Mutation analysis of B3GALTL in Peters Plus syndrome. Academic Article uri icon

Overview

MeSH

  • Base Sequence
  • Child
  • Child, Preschool
  • Female
  • Glucosyltransferases
  • Glycosylation
  • Humans
  • Infant
  • Infant, Newborn
  • Male
  • Molecular Sequence Data
  • Syndrome

MeSH Major

  • Abnormalities, Multiple
  • Eye Abnormalities
  • Galactosyltransferases
  • Mutation

abstract

  • Peters Plus syndrome comprises ocular anterior segment dysgenesis (most commonly Peters anomaly), short stature, hand anomalies, distinctive facial features, and often other additional defects and is inherited in an autosomal-recessive pattern. Mutations in the beta1,3-glucosyltransferase gene (B3GALTL) were recently reported in 20 out of 20 patients with Peters Plus syndrome. In our study, B3GALTL was examined in four patients with typical Peters Plus syndrome and four patients that demonstrated a phenotypic overlap with this condition. Mutations in B3GALTL were identified in all four patients with typical Peters Plus syndrome, while no mutations were found in the remaining four patients that demonstrated some but not all characteristic features of the syndrome. The previously reported common mutation, c.660 + 1G > A, accounted for 75% of the mutant alleles in our Peters Plus syndrome population. In addition, two new mutant alleles, c.459 + 1G > A and c.230insT, were identified and predicted to result in truncated protein products. These data confirm an important role for B3GALTL in causing typical Peters Plus syndrome, and suggest that this gene may not be implicated in syndromic cases that involve Peters anomaly but lack other classic features of this complex condition. 2008 Wiley-Liss, Inc.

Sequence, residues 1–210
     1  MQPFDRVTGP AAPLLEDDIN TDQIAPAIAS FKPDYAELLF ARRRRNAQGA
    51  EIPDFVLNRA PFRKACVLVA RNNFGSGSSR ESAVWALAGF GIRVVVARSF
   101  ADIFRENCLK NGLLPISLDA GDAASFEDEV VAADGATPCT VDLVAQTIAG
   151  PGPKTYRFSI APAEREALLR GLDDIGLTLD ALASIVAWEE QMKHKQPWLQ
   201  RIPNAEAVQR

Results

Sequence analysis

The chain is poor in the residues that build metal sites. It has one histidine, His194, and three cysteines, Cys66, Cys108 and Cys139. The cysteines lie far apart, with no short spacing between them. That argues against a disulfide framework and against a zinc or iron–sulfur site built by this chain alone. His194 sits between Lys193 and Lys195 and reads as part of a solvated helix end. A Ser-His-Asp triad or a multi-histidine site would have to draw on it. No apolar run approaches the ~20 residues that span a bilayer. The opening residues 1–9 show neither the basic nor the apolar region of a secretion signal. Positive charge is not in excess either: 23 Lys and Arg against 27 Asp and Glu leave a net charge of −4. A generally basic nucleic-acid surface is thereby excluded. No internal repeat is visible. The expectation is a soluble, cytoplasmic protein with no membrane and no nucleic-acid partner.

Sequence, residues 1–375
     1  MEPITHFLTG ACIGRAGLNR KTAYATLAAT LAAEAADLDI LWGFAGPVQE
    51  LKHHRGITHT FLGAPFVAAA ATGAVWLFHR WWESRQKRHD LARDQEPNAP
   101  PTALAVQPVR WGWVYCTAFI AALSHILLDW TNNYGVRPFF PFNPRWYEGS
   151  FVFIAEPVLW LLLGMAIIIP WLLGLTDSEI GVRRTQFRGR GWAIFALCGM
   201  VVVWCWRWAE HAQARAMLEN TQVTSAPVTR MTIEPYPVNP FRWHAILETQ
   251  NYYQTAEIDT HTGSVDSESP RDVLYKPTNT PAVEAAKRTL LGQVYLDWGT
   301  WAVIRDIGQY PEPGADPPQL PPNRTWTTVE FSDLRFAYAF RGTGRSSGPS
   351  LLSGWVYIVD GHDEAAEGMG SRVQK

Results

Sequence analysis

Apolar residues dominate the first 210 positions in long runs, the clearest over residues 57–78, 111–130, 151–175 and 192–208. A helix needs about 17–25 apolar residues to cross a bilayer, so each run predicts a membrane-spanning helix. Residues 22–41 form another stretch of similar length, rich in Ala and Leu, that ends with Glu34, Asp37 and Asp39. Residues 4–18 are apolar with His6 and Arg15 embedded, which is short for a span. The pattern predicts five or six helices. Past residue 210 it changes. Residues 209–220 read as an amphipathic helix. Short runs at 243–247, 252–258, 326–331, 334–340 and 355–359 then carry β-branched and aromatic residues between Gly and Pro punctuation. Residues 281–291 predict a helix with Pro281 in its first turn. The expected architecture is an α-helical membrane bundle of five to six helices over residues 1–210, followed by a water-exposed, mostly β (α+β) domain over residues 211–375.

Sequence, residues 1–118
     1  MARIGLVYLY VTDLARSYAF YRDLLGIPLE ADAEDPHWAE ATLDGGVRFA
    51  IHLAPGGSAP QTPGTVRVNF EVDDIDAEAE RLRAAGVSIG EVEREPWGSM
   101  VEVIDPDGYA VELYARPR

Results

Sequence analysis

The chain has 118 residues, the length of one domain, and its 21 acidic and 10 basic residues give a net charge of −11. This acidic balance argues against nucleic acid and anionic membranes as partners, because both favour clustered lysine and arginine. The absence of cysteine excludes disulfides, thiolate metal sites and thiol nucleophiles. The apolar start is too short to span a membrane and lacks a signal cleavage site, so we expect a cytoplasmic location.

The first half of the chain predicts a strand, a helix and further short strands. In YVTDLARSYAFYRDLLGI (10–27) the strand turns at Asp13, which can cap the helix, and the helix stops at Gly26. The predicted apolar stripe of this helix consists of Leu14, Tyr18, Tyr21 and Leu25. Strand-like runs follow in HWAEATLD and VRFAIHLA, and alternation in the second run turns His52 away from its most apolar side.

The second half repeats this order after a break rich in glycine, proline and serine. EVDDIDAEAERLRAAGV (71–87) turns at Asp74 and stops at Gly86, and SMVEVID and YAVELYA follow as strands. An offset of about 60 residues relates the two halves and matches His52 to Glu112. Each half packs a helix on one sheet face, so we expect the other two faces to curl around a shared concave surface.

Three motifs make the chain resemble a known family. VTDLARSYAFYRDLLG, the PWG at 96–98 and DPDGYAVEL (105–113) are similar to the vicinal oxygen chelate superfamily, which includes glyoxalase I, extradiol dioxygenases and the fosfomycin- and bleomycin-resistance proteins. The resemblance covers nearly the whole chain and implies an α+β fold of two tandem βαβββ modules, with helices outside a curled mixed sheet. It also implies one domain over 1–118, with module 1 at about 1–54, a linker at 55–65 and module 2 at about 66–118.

publication date

  • October 15, 2008

has subject area

  • Abnormalities, Multiple
  • Base Sequence
  • Child
  • Child, Preschool
  • Eye Abnormalities
  • Female
  • Galactosyltransferases
  • Glucosyltransferases
  • Glycosylation
  • Humans
  • Infant
  • Infant, Newborn
  • Male
  • Molecular Sequence Data
  • Mutation
  • Syndrome

Research

keywords

  • Case Reports
  • Journal Article

Identity

Language

  • eng

PubMed Central ID

  • PMC2755183

Digital Object Identifier (DOI)

  • 10.1002/ajmg.a.32498

PubMed ID

  • 18798333

Additional Document Info

start page

  • 2603

end page

  • 2610

volume

  • 146A

number

  • 20